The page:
The New School / Parsons, New York, NY
International Center Photography, New York, NY
New Museum, New York, NY
Solomon R. Guggenheim Museum, New York, NY
Whitney Museum of American Art, New York, NY
Greenberg Van Doren Gallery, New York, NY
Though she is known for her photographs depicting signs of wealth, Jessica Craig-Martin explains that her images are never portraits: "I see them as abstract studies of sequins, evicted mollusks, and air-conditioned mink." Often cropping the faces of her subjects out of the frame, Craig-Martin instead focuses her lens on the smaller details found at high-society parties and in celebrity circles—such as smeared lipstick or a fur collar—shedding light on an obsession with surface. As the artist notes, "One is never so naked as when dressed for a party."
Using high exposure and elevated contrast, Craig-Martin's close-ups represent the vanity, excess, and arcane social rituals of our culture, while simultaneously providing commentary on the vulnerability of her subjects and what she describes as their "failed armor."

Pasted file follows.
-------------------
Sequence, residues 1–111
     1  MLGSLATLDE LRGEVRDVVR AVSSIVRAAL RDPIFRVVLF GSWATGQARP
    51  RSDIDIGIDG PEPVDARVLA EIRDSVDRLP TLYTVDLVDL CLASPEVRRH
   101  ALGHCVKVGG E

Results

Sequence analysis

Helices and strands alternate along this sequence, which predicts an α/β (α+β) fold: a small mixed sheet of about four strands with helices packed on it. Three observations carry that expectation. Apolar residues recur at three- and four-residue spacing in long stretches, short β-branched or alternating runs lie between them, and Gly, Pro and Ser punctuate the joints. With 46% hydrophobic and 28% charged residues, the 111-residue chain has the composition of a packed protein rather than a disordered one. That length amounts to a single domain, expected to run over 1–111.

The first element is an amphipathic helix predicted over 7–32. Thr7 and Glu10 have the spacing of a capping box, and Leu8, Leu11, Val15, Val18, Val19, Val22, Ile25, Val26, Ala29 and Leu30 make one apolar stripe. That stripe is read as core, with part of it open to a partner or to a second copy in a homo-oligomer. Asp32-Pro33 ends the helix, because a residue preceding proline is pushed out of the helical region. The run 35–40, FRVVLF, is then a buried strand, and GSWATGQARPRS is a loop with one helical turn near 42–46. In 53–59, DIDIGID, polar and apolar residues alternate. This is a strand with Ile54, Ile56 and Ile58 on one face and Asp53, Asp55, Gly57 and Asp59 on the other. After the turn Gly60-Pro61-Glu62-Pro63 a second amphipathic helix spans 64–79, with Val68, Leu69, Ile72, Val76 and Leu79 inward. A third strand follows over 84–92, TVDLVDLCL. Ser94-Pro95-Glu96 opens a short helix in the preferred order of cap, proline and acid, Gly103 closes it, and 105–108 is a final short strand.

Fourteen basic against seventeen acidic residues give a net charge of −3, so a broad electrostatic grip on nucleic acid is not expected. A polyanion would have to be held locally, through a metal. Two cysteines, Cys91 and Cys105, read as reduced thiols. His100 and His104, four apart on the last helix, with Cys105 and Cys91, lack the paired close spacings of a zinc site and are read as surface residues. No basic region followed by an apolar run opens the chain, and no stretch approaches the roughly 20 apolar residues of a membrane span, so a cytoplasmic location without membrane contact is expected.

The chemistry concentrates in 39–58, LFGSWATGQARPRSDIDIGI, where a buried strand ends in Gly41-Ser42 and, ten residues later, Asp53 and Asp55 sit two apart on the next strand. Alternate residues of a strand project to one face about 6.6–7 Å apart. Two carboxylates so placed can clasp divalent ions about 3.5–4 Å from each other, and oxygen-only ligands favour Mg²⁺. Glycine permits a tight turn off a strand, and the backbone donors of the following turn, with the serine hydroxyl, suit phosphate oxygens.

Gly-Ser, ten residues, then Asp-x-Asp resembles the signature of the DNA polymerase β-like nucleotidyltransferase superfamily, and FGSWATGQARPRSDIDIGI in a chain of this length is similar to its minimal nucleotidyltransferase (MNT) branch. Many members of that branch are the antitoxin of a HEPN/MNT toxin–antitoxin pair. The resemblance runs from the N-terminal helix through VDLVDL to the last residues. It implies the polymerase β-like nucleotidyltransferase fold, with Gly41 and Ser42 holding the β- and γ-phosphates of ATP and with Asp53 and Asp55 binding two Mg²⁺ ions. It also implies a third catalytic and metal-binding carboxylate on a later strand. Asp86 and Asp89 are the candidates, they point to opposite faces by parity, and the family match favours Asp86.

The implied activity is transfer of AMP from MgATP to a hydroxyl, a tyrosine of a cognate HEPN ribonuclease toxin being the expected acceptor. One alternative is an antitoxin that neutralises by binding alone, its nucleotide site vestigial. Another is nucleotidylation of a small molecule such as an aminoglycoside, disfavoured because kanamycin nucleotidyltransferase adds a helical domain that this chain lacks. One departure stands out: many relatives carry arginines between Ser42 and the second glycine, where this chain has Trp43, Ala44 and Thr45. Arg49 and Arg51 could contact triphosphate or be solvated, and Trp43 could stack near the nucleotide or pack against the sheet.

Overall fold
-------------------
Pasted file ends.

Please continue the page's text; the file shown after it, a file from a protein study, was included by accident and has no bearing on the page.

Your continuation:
She has worked as a photographer for various publications including Vogue, Vanity Fair, W, and the New Yorker. Her work has been exhibited in solo shows at the Museo Nacional Centro de Arte Reina Sofia, MoMA PS1, and White Columns, and included in group exhibitions at the National Arts Club in New York, the Brooklyn Academy of Music, the International Center of Photography, the New Museum, and the Saatchi Collection, among other venues.